Hiring Good Employees - Put Effort Into Selection

By: Bob Pearce

I.Find the right people

This is one of the most important things that a business owner or manager can do. The smaller the business the more important it is. It has been said that most of us choose our spouse with great care, and rear our children with compassionate attention. Yet we tend to select the people who will join our company on the basis of an interview or two, and once they have joined, they often find they must fend for themselves. Bad employees not only affect an employer by driving down sales, costing a company expense by negligence or simple lack of motivation, but they affect the customer as well.


II.Should the Customer come first?

If you want quality employees, and expect to be hiring someone who is as dedicated to the business as the owner or manager, without any consideration being given to the employee's personal needs, thoughts and aspirations, think again! When a business puts its employees first, many things happen. The employee is happy and the service that the employee provides the customer, whether an internal or external customer, is far superior, and the business will succeed. Treat employees as people, not as robots. Treat them with respect, and their ideas, thoughts and suggestions with respect.

III.Work environment

An open friendly atmosphere, where employees are able to contribute and offer ideas and suggestions, without ridicule or negative response, sparks creativity and empowers them to contribute more to the business. If everyone feels as though they are part of the leadership process and not just an anonymous face they will have a satisfying feeling that can go a long way. Have they been made part of creating a Vision for the business, or in contributing to the Strategic Business Plan? It makes them feel more as though the business respects them and will put them first. If that consideration is instilled in an employee's mind, they will put in the effort to show appreciation.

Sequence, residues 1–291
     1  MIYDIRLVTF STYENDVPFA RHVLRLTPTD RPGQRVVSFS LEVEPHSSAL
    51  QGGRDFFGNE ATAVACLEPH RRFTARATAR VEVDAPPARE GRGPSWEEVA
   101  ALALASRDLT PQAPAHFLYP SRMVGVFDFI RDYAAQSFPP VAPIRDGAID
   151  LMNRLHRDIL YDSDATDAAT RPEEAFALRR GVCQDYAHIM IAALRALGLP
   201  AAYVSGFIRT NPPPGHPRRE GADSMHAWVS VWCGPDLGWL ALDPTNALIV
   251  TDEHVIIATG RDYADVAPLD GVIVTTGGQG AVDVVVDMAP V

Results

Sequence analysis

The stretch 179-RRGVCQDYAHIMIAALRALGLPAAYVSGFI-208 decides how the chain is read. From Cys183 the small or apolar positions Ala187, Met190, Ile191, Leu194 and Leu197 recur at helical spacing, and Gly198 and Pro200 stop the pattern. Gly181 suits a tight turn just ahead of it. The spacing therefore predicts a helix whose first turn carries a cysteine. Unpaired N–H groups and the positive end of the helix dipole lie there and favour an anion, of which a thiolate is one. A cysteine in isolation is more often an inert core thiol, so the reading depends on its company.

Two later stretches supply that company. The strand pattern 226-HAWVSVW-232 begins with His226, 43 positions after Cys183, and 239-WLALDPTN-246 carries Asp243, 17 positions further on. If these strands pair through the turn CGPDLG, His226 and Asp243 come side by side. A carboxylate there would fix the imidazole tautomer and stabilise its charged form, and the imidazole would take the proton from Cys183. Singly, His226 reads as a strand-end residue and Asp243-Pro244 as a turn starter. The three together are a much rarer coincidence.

IV.Hiring people who will fit in

Experience and certificates are ways of measuring an applicant's qualifications and potential, but are they good people? A person can be the most qualified, educated and experienced potential employee but if they don't have a nice personality they will not do much for your business. And your other employees will not enjoy working with them either, bringing down morale and production drastically. A nice person can learn anything; they are pleasant to be around and are easy to teach. They learn quickly, so if they do not have the exact skill set you are looking for, consider the possibility of some training.


V.How do you find the right people?

Consider the unconventional when interviewing a potential employee. The more often you can set a scenario that a potential employee will not expect the better. It will give you a chance to see what the person is really capable of, as a person. During the interview process were they down to earth or were they focused solely on success, and more success? The success driven person may not be the best choice. Why should the hiring interview be conducted in a formal, stuffy atmosphere? Let them meet other staff, maybe on a social occasion, or as part of a competitive sporting situation, or part of a team.

Are they the sort of person who is bent on winning at all costs and become angry, are they the type who talks only of themselves and boasts of things they have done?

Do they converse at all?

What is their attitude to honesty, safety, reliability, work ethics, workplace aggression, etc.?

Apart from the standard questions on hours or shifts they prefer to work, or not work, find out their response to questions such as:
What's the hardest job you've had and how long were you there?

Have you ever been fired or asked to resign? Explain.

Tell me about the times you have been given extra responsibilities, a promotion, an increase in pay or salary.

Most business owners or managers do their hiring on knowledge and skill, but terminate on personality and attitude. Also very few managers have had interview skills training. Selecting the right person is not a gut feel process - approach it that way and you and your customers will pay the price.

Human Resources
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